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Walden Pond

Being a Chronicle of Man against Men

Walden Pond

Being a Chronicle of Man against Men

Mark Hammer on why we should take spelling mistakes very seriously

"It is never wrong to be mindful and attentive to spelling and grammar. They are the heart and soul of precise, effective, efficient, and considerate communication. If someone has taken enough care to do what is required to facilitate MY comprehension, and prevent my mis-comprehension, that’s someone I can probably place my confidence in.

At the same time, we live in an era when spelling and grammar receive short shrift in education, when so many have grown up assuming that software would take care of such things (so they didn’t have to master it), when the entire world of marketing and popular culture has taken spelling and grammar hostage for purposes of seizing our attention and selling us things, and where the technological means for communication impels us to communicate on impulse, that you have to be a bit forgiving of people.

I’m a stickler for grammar and spelling, but all too often my screen is set to so small a font that I miss many of my own errors. It eats away at me when I know I can’t go back and fix them.

When I used to teach university, it was often a fairly trivial task to identify someone with a reading disability or A.D.D. via their writing. The same word would be spelled several different ways in the same paragraph, and NOT because of speed, but because the writer was simply not tracking whether what they wrote was comprehensible or not. That IS the central deficit in most forms of discourse processing: people just stop paying attention to whether what they are reading or writing makes sense or not.

Socio-linguist Basil Bernstein proposed the distinction between what he called elaborated and restricted code in discourse. Elaborated code is what people use when communicating with others who may not share any assumptions or background knowledge. All details are fully articulated, since it is the details that facilitate clarity. Restricted code is what we use when interacting with those whom we believe share assumptions with us. It is those shared assumptions that permit conversations like “Want some?”, “Nah”, “You sure?”, “Yeah”, or “So I’m, like, what-EVER! And she’s all, like, OH NO YOU DIH-INT!” to take place and be construed as communicating effectively between conversants. Restricted code is also the principal approach to discourse adopted by adolescents and young adults. It is the very engine that permits something like Twitter, and other highly abbreviated forms of text-based communication, to be realizable, insomuch as short bursts of what is otherwise nonsense have understood referents shared by one’s cultural subgroup.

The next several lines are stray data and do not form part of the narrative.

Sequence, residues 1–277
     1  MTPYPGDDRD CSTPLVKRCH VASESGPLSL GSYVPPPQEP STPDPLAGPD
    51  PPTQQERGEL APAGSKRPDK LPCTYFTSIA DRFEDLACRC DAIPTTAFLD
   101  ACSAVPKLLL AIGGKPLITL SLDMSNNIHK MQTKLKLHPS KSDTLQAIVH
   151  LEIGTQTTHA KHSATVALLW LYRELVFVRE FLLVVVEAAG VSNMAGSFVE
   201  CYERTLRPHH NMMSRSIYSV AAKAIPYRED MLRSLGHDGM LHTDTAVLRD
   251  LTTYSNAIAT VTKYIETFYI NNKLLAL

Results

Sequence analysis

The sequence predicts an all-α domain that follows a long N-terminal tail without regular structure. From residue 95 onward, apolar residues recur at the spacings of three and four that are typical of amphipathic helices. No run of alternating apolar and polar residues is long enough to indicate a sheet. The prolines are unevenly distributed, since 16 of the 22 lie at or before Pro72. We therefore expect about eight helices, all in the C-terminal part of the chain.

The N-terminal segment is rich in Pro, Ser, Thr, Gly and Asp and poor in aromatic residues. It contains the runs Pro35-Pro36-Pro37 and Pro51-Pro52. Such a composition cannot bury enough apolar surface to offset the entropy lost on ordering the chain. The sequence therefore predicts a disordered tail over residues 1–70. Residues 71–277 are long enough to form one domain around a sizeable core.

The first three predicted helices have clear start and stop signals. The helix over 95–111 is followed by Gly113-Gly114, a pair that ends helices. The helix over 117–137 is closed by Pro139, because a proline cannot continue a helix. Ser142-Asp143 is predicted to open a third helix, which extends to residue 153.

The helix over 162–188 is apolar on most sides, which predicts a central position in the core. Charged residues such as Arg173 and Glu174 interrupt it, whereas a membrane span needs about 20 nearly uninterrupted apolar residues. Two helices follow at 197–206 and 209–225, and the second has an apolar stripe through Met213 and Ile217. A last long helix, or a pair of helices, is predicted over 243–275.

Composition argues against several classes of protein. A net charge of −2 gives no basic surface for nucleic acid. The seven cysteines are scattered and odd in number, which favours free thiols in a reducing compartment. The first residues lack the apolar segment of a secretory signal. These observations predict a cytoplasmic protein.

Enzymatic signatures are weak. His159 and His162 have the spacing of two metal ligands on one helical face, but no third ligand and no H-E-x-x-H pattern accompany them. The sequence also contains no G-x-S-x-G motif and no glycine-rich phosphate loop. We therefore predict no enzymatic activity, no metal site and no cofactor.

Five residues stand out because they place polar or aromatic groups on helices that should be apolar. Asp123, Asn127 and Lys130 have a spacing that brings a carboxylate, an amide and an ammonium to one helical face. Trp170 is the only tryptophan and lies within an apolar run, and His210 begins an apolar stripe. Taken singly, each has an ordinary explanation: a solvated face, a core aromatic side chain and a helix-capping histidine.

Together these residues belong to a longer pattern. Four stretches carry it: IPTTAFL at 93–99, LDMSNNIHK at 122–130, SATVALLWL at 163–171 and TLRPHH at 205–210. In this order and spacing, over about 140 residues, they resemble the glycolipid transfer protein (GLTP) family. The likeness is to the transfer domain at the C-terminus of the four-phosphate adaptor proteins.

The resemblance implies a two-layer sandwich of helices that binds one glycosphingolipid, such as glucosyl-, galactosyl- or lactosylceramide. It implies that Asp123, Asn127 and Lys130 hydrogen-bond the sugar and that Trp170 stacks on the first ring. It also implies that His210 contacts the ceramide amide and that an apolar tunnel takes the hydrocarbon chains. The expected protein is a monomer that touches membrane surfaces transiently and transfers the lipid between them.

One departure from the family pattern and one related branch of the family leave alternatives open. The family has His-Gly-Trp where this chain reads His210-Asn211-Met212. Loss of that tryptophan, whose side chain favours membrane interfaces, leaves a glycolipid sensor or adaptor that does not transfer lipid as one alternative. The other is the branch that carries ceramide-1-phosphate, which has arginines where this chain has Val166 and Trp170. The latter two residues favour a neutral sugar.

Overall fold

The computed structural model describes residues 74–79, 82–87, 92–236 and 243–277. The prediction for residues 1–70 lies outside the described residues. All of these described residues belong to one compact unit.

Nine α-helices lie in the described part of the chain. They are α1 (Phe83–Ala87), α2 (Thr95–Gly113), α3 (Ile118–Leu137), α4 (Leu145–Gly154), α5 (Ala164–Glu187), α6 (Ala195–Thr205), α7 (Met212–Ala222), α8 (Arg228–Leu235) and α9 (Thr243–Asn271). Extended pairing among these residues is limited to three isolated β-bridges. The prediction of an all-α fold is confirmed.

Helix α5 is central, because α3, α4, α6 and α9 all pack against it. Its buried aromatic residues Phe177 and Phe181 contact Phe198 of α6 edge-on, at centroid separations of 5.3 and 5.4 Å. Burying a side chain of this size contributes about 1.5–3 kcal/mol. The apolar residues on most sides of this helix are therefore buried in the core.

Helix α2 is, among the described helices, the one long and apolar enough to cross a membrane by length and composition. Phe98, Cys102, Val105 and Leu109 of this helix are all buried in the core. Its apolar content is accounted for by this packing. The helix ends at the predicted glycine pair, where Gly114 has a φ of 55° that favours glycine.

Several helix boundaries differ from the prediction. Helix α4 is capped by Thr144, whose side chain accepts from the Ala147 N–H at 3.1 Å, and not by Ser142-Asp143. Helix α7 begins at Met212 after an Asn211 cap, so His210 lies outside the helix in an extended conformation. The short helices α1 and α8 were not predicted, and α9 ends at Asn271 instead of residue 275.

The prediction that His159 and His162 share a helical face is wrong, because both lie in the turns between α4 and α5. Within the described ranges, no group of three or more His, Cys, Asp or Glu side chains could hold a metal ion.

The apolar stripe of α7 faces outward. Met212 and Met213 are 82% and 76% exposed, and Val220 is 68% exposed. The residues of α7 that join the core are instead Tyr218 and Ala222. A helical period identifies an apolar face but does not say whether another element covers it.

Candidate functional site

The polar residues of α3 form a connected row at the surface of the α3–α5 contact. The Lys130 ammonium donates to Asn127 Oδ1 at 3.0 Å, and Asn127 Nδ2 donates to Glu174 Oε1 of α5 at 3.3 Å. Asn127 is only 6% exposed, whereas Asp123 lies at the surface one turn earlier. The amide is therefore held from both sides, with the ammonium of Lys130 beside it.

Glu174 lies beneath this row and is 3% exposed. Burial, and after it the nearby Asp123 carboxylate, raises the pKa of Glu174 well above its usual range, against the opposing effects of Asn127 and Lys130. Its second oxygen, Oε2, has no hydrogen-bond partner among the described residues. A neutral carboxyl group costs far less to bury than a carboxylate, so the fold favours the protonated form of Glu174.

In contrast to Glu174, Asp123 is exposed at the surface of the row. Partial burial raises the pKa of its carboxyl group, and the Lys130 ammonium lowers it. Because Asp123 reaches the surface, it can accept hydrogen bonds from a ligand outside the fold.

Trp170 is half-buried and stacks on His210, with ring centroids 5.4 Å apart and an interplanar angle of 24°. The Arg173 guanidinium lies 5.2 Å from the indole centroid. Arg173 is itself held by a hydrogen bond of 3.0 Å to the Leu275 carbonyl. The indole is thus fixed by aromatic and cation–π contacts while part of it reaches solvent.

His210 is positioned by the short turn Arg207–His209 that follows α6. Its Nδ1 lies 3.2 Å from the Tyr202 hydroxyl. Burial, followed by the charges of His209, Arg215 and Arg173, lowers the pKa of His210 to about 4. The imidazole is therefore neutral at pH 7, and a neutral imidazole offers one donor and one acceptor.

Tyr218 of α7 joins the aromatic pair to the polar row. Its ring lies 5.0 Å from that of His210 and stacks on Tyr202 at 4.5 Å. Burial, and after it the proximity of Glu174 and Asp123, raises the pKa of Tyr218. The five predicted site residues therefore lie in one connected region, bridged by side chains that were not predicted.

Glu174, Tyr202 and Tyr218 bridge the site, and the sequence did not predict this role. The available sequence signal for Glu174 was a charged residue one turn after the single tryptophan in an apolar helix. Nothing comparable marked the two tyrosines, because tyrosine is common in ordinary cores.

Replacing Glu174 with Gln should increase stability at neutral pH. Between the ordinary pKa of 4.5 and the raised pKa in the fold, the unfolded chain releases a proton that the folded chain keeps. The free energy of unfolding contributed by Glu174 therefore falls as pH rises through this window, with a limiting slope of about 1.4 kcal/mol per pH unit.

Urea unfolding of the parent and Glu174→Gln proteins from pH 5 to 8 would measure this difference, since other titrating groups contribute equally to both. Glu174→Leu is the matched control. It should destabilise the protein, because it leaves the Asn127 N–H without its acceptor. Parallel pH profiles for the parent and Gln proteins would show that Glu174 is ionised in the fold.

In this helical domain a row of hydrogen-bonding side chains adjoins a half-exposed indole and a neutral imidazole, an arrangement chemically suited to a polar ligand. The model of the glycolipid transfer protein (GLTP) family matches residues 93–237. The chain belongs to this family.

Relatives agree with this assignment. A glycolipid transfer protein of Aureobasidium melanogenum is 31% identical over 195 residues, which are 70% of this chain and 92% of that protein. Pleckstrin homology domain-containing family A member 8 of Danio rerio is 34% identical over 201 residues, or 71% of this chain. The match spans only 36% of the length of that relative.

The gradual shift towards what I like to call “the adolocentric society” has pushed us further towards use of restricted code much of the time. And since restricted code does not require spelling and grammar or avoidance of colloquialisms, to be effective, spelling and grammar are viewed by many as dispensable when it comes to oral or written communication. Ironically, where restricted code could traditionally have been viewed as exclusionary – something that only I and my friends share and that you cannot be a part of – it is now elaborated code that gets treated as exclusionary and elitist. If U can spel gud, yer a snob.

Would I judge the person whose spelling and grammar are lacking? Perhaps, but perhaps not. Would I judge the societal norms that produced them? You betcha."

posted at 12:36



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